The one downside is plants tend to grow a little slower compared to using liquid nutrients, but as a reward for using super soil your buds will be much more fragrant, with a lovely bouquet of smells that’s difficult to produce any other way.

If you’re serious about maximizing the taste and smell of your buds, growing in super soil is probably one of the best-known ways to achieve that goal!

Improve Flavor During the Course of Your Grow

Specialized Nutrients & Supplements

When it comes to nutrients and supplements, you have several choices that can help improve the overall scent of your buds. In fact, many products have been formulated specifically to increase and enhance the smell of cannabis buds.

Here’s what you need to keep in mind when it comes to nutrients and supplements…

Only Use “Bloom” (Low Nitrogen) Nutrients in the Flowering Stage

When your plant is in the flowering stage it’s important to make sure you only use specially formulated “flowering” cannabis nutrients, as these nutrients are made for the budding stage and will have lower levels of nitrogen and higher levels of potassium and phosphorous – exactly what your plant wants!

Avoid Chemical Nutrients

Try to avoid chemical nutrients and only use nutrients made from living sources (made from things like kelp, guano, bone meal, worm castings, etc).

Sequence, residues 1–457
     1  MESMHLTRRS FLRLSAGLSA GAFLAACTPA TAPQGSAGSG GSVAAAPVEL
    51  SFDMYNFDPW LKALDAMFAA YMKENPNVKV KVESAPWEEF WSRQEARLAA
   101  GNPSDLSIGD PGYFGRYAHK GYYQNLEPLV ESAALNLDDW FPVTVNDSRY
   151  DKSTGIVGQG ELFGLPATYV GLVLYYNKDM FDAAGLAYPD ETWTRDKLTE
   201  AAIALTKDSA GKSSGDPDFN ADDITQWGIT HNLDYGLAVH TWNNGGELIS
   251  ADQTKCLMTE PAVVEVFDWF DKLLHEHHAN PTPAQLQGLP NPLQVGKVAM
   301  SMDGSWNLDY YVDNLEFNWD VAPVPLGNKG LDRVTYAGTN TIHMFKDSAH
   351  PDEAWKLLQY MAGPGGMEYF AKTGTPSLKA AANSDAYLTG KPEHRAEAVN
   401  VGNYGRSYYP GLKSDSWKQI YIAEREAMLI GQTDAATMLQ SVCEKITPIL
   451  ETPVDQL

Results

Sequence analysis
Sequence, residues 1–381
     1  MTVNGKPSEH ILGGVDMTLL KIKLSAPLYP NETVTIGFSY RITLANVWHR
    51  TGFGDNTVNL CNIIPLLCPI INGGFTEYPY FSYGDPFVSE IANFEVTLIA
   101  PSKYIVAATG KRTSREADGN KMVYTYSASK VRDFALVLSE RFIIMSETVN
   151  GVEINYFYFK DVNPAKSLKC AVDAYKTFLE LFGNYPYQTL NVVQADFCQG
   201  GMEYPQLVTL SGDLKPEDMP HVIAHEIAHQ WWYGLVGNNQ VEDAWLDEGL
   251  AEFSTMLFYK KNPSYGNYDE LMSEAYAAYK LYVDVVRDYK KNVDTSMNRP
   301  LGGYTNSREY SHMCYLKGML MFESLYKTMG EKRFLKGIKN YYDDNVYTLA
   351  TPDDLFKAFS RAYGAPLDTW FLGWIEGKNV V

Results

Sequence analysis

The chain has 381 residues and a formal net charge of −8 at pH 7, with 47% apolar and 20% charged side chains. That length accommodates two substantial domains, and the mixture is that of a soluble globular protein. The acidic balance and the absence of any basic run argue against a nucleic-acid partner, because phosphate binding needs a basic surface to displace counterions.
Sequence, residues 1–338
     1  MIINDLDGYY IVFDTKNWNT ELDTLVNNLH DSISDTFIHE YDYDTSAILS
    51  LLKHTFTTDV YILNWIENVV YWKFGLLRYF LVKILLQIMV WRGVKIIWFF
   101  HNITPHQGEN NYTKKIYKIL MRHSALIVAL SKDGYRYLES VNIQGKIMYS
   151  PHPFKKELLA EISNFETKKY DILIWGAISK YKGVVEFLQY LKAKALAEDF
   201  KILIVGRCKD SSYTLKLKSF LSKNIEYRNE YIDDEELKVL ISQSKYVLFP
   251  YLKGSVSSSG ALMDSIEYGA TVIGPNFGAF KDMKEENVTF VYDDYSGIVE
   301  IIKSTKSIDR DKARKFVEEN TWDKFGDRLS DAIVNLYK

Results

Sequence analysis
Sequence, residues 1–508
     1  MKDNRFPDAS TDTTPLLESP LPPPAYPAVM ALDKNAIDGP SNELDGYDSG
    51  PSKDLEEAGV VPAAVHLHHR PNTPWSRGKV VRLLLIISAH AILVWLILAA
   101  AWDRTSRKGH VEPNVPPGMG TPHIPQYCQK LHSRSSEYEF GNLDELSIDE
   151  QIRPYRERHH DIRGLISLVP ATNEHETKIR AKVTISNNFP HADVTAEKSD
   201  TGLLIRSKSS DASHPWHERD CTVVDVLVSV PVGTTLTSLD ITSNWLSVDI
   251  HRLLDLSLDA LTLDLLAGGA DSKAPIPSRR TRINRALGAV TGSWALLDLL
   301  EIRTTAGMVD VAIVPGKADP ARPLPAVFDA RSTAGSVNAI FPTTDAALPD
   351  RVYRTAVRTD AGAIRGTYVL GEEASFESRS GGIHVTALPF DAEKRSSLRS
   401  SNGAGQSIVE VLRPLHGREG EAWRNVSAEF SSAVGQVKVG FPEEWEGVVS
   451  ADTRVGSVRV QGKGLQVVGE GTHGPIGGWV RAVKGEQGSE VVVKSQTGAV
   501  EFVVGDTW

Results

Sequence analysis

Chemical nutrients are nutrient sources listed on the nutrient bottle with molecular compound names like Ammonium Phosphate, Magnesium Carbonate, Potassium Nitrate, etc.

Chemical nutrients have great qualities that make them attractive to a lot of growers. They increase the rate of vegetative growth and may possibly even contribute to greater bud potency. Using them won’t necessarily “hurt” the smell of buds, but these do not seem to contribute to smell as much as when the plant is using nutrients from living sources. The best smell-related results seem to occur when nutrients are getting broken down in the soil instead of being delivered directly to roots in their most simple chemical form.

The “GO Box” by General Organics offers a nutrient line made of only organic ingredients and specialized for growing plants like cannabis

Another great option is the Fox Farms Nutrient trio for soil. This is a complete cannabis nutrient system that can support your plants from seed to harvest. Although “Tiger Bloom” and “Grow Big” are not 100% organic, they use high quality ingredients and consistently produce great results in soil as far as smell and appearance. The “Big Bloom” part of the trio is probably the best part. It is completely organic and although it’s not a complete food source on its own, it can be used by itself as a Bloom Booster for plants in soil. It’s a bit more difficult to give too much “Big Bloom” to your plants since it’s basically a soup of natural sources of nutrients! (Still, don’t go crazy!)